The prevalence of retinopathy in diabetes mellitus and associated risk factors: a community-based cross sectional study in peri urban area

Sanjeev K. Gupta, Anshuman Sharma, Sanjay Agarwal, Sanjay Gupta, Shalini Sarouthia


Background: Visual impairment i.e. diabetic retinopathy is the one of most common manifestation of diabetes mellitus. Globally it is becoming an increasing public health problem especially in the developing countries because of increase in number of diabetic patients.

Methods: A cross sectional study was conducted in the vicinity of Urban Heath and Training Centre (UHTC), Peoples University, Bhopal over a period of 6 months through screening in camps held, which included a total of 840 participants (aged ≥25 years) by following simple random procedure and in those who had newly diagnosed or long standing diabetes were referred to ophthalmologist for further evaluation. Retinopathy was determined by ophthalmoscopy and fundus photography. Anthropometric measurements (BMI), glycosylated haemoglobin were also evaluated among the confirmed diabetic patients in the study.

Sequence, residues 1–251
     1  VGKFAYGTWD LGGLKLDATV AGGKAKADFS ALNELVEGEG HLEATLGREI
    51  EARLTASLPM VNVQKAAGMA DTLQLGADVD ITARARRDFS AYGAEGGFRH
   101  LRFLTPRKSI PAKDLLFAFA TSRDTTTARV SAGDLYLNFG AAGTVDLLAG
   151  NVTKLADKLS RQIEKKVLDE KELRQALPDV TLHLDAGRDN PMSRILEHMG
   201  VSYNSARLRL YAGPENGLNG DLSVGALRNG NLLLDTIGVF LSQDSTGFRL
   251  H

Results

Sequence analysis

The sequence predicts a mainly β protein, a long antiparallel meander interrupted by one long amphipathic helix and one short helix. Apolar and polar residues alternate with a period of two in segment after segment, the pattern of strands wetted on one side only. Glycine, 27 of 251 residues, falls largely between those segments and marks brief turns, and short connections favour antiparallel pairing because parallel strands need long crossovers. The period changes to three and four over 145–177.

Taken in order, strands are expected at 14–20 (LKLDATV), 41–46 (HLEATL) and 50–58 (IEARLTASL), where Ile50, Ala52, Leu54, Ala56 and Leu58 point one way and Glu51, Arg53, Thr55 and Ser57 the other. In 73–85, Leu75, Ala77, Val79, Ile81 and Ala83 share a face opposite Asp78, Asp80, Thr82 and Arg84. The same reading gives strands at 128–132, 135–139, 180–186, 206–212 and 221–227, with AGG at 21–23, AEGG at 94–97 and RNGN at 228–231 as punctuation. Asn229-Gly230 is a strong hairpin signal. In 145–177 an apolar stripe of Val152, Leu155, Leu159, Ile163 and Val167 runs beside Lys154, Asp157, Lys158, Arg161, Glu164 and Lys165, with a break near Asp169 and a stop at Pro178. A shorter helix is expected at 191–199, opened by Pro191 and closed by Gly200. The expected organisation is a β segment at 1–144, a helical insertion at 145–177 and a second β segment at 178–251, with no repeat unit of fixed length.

Results: An increased prevalence of diabetes (5.95%) and retinopathy (28%) (95% CI 11.2-32.0) was found. In all age groups prevalence of bilateral blindness, bilateral low vision, unilateral blindness and unilateral low vision were respectively 2%, 28%, 0%, 70%. Independent risk indicators for the occurrence of diabetes such as age, BMI, HbA1c, were found significant for the occurrence of retinopathy in the study population.

Conclusions: Visual impairment due to diabetic retinopathy remains an important public health problem in people with diabetes so timely interventions are required to resolve this major issue.


Prevalence, Diabetes mellitus, Diabetes retinopathy, Visual impairment, Community, Factors

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